We should be learning lessons from real disinformation, not AI hype and debunked images.
A couple of weeks ago I wrote a quick post in response to concerns, by Gary Marcus, that ChatGPT could become “a machine gun of disinformation”. At the time, AI-generated images of Donald Trump being dragged away in handcuffs were circulating on the internet. This prompted some, (over-hasty in my view) claims that generative AI would lead to an unstoppable wave of fakery and uncertainty – a “machine gun of disinformation”. My view was - well, we were already in that world pre-AI (scroll through this account to see examples of the sort of tactics which predate AI).
Since then, three other stories have strengthened that view – and one story has made me pause.
The first story was a picture of the Pope in a massive white Balenciaga-style puffer coat going viral. It’s a great photo. Many people, myself included, were initially taken in by it. But, as revealed by Chris Stokel-Walker, as part of his ongoing (inhumanly productive) run of tech reportage, it was actually generated using Midjourney by a guy who’d taken magic mushrooms.
This image led to similar commentary about the dangers of AI disinformation - which prompted similar annoyance in me. Like the Trump pictures, it was quickly revealed to be a fake. Also - the idea the Pope owns a massive Balenciaga-style puffer coat is low-stakes, pretty random, and of little relevance to most people’s lives. It’s hardly surprising people didn’t scrutinise it; it’s perhaps more surprising, and potentially heartening, that it was still revealed to be AI generated.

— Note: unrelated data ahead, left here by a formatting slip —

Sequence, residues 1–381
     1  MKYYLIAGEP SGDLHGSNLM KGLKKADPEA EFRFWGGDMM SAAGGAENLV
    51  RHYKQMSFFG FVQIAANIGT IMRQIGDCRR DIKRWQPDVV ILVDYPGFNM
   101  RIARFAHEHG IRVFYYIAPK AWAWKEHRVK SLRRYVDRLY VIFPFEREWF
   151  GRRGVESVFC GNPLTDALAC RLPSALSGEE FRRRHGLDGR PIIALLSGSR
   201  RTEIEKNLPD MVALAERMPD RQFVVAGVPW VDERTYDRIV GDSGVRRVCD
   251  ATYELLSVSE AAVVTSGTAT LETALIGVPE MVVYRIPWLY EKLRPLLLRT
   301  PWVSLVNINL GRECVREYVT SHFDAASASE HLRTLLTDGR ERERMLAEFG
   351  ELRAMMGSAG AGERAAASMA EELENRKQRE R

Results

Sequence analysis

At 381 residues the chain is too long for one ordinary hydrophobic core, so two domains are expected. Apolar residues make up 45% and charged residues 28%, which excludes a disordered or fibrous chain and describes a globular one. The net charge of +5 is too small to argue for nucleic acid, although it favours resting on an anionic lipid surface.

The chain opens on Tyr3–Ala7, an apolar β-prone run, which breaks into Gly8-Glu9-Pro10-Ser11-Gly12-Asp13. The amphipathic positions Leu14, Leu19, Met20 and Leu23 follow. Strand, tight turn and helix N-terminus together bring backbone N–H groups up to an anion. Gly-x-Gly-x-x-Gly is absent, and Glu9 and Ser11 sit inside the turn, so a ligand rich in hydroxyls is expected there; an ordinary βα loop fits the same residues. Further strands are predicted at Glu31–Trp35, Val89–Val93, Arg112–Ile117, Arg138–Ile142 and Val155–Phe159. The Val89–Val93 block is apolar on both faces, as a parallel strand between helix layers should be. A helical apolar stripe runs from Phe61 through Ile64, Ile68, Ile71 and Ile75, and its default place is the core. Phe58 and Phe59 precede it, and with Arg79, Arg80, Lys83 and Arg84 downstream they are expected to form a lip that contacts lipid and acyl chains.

All this reminded me a bit of the old tale (associated with the below famous image) of WWII engineers studying damage on planes which returned to base and reinforcing the bits with most damage; until, the story goes, a statistician named Abraham Wald pointed out that these they were learning from planes which had survived their damage. The lesson to learn was: You should reinforce the bits where these planes had not been hit.
Anyway, back to the stories I read this week. The next two my list are a little different. The first was an excellent FT long read on scientific ‘paper mills’ which churn out articles using faked data (including doctored images). The writers spoke to specialist fraud detectors employed by some of the more scrupulous journals; but noted that many journals rely solely on the traditional, and flawed, system of peer review by (often unpaid) academics. As many of these fake articles were in biomedical sciences, there is a real risk of medical research being compromised. The second was an astonishing story in the New Statesman’s latest Long Read, on threats to Taiwan, which had completely passed me by: